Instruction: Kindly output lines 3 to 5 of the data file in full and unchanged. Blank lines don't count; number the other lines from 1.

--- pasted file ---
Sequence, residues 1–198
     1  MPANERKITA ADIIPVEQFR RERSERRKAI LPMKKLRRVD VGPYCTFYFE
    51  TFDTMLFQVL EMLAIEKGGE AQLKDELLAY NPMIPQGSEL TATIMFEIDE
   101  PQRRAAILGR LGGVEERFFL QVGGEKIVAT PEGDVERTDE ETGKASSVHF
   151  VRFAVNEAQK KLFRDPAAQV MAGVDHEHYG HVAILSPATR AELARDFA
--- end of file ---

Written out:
    51  TFDTMLFQVL EMLAIEKGGE AQLKDELLAY NPMIPQGSEL TATIMFEIDE
   101  PQRRAAILGR LGGVEERFFL QVGGEKIVAT PEGDVERTDE ETGKASSVHF
   151  VRFAVNEAQK KLFRDPAAQV MAGVDHEHYG HVAILSPATR AELARDFA